Tourism and recreation experienced the fastest fall in output of any UK business sector last month, the latest data shows.
Output in the sector, which includes pubs, hotels and restaurants, declined at the fastest pace since February 2021, when the UK was last in lockdown, with a tracker score of 36.3 in September, according to the Lloyds Bank UK Recovery Tracker. Any reading below 50 indicates contraction.
The drop was caused by demand falling for a fourth consecutive month – to a tracker score of 38.5 last month – as consumers reined in spending amid rising inflation.
However, five of the 14 UK sectors that make up the tracker reported faster growth in output in September, compared with just three the previous month. A tracker reading above 50 indicates expansion.
Output growth was highest among software service providers at 55.8, down from 63.1 in August, followed by healthcare firms, rising to 53.6 from 47.8.
The tracker showed that overall input cost inflation for businesses intensified in September for the first time since May. The increase was driven by rising energy prices for manufacturers, which exceeded a previous peak during the 2008 oil price shock.
Jeavon Lolay, the head of economics and market insight for commercial banking at Lloyds, said: “While we expect UK inflation to remain stubbornly high in the coming months, there are clear signs of an easing in pipeline cost pressures in our latest UK Sector Tracker report.”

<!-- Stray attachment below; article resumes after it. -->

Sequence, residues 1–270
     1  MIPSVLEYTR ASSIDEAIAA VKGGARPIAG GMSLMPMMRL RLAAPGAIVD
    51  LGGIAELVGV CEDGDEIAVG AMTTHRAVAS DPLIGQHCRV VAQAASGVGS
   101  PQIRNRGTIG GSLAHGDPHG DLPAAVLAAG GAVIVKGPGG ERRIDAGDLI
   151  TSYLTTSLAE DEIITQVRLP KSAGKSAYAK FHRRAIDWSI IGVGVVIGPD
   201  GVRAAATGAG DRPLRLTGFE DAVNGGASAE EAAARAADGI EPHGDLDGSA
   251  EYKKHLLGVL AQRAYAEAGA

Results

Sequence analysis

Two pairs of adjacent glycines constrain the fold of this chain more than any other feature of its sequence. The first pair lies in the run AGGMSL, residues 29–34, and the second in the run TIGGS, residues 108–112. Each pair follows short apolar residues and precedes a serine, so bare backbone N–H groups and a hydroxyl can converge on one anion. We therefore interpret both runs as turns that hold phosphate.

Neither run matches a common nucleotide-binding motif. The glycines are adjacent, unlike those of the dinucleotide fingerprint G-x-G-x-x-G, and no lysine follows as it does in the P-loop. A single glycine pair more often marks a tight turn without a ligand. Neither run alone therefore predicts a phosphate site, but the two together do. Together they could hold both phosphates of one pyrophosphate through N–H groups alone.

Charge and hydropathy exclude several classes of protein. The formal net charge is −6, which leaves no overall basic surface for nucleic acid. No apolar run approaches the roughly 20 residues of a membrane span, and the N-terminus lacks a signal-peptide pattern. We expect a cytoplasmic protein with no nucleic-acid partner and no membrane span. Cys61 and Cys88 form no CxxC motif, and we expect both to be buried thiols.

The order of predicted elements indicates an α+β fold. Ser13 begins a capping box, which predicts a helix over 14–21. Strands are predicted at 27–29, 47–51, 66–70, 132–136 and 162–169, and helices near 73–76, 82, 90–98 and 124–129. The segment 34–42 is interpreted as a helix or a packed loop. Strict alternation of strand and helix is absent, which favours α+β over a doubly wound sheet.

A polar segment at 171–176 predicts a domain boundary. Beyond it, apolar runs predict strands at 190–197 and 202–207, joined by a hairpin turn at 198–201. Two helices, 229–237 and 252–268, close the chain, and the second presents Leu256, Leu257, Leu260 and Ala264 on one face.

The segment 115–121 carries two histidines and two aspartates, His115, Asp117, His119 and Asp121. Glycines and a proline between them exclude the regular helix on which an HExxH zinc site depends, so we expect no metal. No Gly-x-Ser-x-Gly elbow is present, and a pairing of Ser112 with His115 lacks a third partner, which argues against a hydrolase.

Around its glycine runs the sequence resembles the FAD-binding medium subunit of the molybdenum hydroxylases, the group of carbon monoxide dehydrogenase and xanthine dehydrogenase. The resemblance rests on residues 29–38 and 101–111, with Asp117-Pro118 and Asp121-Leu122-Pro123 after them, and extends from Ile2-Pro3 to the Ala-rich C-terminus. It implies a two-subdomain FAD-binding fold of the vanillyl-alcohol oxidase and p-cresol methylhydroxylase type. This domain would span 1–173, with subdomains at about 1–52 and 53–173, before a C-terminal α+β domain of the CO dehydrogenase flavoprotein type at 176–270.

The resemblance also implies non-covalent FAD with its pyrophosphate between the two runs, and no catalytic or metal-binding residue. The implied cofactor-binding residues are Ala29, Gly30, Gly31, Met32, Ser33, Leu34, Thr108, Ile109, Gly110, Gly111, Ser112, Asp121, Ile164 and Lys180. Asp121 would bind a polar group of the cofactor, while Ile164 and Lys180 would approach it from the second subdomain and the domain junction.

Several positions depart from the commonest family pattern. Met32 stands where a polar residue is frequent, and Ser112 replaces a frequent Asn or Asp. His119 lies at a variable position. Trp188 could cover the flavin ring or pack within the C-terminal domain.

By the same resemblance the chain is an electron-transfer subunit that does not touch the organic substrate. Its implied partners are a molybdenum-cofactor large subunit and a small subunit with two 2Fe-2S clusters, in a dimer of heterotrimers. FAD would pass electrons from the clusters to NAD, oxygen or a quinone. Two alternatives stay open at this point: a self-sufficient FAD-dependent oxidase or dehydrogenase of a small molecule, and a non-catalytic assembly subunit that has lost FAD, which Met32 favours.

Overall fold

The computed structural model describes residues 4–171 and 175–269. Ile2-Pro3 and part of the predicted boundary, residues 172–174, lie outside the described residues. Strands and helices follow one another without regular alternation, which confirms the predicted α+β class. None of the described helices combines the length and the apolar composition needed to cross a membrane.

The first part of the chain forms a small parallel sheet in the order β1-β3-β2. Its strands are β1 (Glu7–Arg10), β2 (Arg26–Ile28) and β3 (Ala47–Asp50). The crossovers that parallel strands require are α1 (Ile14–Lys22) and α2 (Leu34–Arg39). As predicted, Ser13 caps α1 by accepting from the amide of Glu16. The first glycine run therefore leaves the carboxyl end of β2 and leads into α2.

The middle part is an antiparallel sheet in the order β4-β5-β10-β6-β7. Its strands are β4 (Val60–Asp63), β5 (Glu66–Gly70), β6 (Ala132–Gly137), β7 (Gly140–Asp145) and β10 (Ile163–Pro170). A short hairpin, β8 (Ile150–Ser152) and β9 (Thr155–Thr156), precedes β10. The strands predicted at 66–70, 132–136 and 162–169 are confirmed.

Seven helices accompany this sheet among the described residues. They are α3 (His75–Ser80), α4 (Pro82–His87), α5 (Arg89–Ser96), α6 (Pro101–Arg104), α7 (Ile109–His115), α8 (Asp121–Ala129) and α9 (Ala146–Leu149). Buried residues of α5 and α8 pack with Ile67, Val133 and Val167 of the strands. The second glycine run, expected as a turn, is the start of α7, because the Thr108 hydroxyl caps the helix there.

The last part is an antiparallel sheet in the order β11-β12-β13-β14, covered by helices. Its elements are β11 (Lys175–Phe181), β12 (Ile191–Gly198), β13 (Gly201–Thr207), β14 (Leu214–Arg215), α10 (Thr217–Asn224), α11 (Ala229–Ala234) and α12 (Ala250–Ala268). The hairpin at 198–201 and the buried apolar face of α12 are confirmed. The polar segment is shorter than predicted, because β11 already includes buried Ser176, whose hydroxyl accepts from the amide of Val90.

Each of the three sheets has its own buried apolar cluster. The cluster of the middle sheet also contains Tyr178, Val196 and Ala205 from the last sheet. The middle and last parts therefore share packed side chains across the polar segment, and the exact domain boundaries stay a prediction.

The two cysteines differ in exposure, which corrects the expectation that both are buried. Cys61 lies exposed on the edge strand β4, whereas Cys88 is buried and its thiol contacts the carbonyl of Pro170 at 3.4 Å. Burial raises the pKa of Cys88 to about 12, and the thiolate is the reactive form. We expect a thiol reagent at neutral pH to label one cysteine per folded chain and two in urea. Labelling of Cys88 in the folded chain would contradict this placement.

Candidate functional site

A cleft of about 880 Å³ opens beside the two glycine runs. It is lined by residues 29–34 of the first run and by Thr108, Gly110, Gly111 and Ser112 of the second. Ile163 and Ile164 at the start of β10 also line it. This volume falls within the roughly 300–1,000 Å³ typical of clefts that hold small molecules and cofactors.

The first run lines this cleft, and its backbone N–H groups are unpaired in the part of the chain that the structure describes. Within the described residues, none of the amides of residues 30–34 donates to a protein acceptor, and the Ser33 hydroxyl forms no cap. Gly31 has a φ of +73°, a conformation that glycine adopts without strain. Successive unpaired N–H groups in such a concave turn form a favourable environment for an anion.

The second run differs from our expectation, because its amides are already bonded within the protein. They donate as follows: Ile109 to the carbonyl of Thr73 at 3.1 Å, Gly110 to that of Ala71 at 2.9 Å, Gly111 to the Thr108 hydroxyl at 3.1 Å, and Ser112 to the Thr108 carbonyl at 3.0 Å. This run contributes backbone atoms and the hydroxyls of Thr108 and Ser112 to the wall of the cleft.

Between the second and third quarters this year, the average pace of input cost inflation slowed in all 14 sectors monitored by the tracker. This was supported by easing wage and shipping cost pressures – with reports of higher shipping costs reaching a 21-month low in September. The pace of inflation in prices charged to customers slowed in 12 sectors.
“That’s not to say that businesses won’t continue to face intense cost pressures, but suggests that peak inflation is near,” said Lolay. “This will be welcome news for both businesses and consumers.”
However, he said the recent news that the energy price guarantee scheme from April would prioritise support for the most vulnerable means that what happens to wholesale energy prices will, again, have a significant bearing on UK inflation from then on.
“The Bank of England will need to assess carefully prospects for both inflation and growth as it considers just how much more tightening is needed,” he added.